By Christine H.
Lots of life changes happen when you’re a student. Often, there’s a move involved. You learn how to become financially and practically independent. And for many of us, it’s also a time when we’re looking for a partner to spend the rest of our lives with. All of these factors can complicate finances. When you get engaged, future finances are probably the last thing on your mind. Few couples think about how they’ll handle a budget as a team. Instead, we just assume that things will work out.
Financial difficulties are the most common marital stress, according to a study by SunTrust Bank. And further research from Kansas State University shows that arguments about finances early on in a relationship are the single biggest danger sign of divorce. This is true whatever the couple’s income is, whether they’re struggling with minimum-wage jobs, or living comfortably with 100k/year.
If you don’t make a financial plan with your spouse early on, you could be setting yourself up for failure. It’s not uncommon for financial and relationship counselors to hear about a husband hiding the fact that he was laid off and is going into serious debt to pay for the house. Or think about these other common conflicts:
- The wife spending the couple’s savings on a fancy television instead of continuing to save for the vacation that the husband wanted.
- One person insisting on a house or apartment that’s outside of the income range right now, while the other wants to avoid going into too much debt.
- Spending years paying off early debt from an elaborate wedding.
- A new husband needing to borrow money from parents in order to make ends meet, while the wife doesn’t want to be in debt to her in-laws.
Some of these scenarios may feel all too familiar. However, we don’t consider how dangerous these arguments can actually be, or take action to correct it.
Money and Stress
There are a few things to consider while you’re looking at your approach as a couple to finances. For one thing, it’s important to realize that a disconnect in how you both prefer to handle money and what your spending and saving habits are can put major strain on the relationship. It may be hard to imagine right now, but it’s true.
For another thing, it’s important to acknowledge that you’re in it together. If just one person is taking the helm on finances, it’s important for the other party to at least understand what’s going on. Far too many new grooms are, by default, assuming all financial responsibility and cracking under the strain when things don’t go quite as planned.
That’s why it’s important to have a plan, whatever that plan may be. This should be an open discussion between the two of you.
A Few Different Approaches
There’s no one “right” way for couples to handle finances. For some, merging bank accounts and streamlining the finances that way is the best approach. Others want to maintain their separate accounts, and that doesn’t mean that they’re any less committed as a couple. Some couples want both parties highly involved in the day-to-day operations, whereas others designate one person to handle most of it. Set it up however you’d like, but have a plan.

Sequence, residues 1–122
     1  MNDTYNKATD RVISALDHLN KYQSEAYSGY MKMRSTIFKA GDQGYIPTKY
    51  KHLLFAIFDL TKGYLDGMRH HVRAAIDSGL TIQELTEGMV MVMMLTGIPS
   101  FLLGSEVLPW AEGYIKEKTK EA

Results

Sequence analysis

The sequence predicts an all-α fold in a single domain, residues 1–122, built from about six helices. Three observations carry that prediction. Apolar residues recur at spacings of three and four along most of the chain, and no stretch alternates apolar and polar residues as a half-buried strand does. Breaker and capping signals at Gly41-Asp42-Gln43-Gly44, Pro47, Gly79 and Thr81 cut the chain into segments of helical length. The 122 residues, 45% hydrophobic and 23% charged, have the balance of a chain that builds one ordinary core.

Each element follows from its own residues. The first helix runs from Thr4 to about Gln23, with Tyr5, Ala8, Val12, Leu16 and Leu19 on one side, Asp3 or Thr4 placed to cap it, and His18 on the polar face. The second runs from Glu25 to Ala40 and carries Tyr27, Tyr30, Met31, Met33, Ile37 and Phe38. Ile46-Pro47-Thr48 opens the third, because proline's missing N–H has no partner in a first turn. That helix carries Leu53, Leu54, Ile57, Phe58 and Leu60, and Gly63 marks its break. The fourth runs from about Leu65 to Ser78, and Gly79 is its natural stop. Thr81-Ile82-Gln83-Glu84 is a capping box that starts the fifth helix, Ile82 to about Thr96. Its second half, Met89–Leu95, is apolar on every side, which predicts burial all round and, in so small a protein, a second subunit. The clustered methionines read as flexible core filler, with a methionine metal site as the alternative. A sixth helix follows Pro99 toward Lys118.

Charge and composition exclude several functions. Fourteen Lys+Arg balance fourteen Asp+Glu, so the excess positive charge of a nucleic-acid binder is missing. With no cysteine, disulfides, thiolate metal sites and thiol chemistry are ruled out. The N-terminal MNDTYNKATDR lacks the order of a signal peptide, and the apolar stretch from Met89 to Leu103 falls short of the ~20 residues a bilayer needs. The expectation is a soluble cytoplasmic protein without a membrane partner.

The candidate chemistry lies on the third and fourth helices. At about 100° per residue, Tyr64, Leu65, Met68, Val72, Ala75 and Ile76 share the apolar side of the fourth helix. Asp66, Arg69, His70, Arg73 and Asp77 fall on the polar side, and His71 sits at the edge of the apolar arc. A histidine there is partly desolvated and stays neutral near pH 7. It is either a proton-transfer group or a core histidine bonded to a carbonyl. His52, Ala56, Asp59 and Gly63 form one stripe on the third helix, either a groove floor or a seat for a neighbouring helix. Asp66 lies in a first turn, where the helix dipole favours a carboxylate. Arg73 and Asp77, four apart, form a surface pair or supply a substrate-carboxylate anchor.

Some Questions to Get the Discussion Started
- Are you in debt? Do you ever plan to be? What do you believe is worth going into debt for?
- How many credit cards do you have and how do you use them?
- Do you set a monthly budget? Have you ever? Are you good at sticking to it?
- When’s the last time you incurred a late fee for nonpayment?
- Financially, where do you imagine we’ll be in 5 years? 10? 20?
- How do you think we should pay for our children’s expenses and college?
- If we suddenly had $3,000 surplus right now, how would you want to spend it?
Some Money-Smart Tips for Newlyweds
- Live somewhere that reflects your actual income. Just because you’re married doesn’t mean you have to move into a big house like what your parents have. It took them a while to get to that point. As newlyweds, and people just starting out in life, you might need to carefully consider the cost of an extra bedroom. This post has a really helpful price-comparison.
- Discuss whether you want to have kids, and whether one of you will be a stay-at-home caretaker when that time comes.
- Speaking of your home, you might be excited to nest, but keep costs low at first. Nice furniture and decor can quickly drain your savings. Instead, save on decorating your new home with some great tips from this article.
- Always err on the side of caution, and save for the future instead. Life WILL get more expensive, even though all you see now is how you’ll make better money in the future.
- Don’t eat out too much. Instead, cook together at home whenever possible.
- Always communicate! As this post states, it’s very easy for people to have a different vision for the future, and never know. Talk about finances before it becomes a taboo subject between the two of you.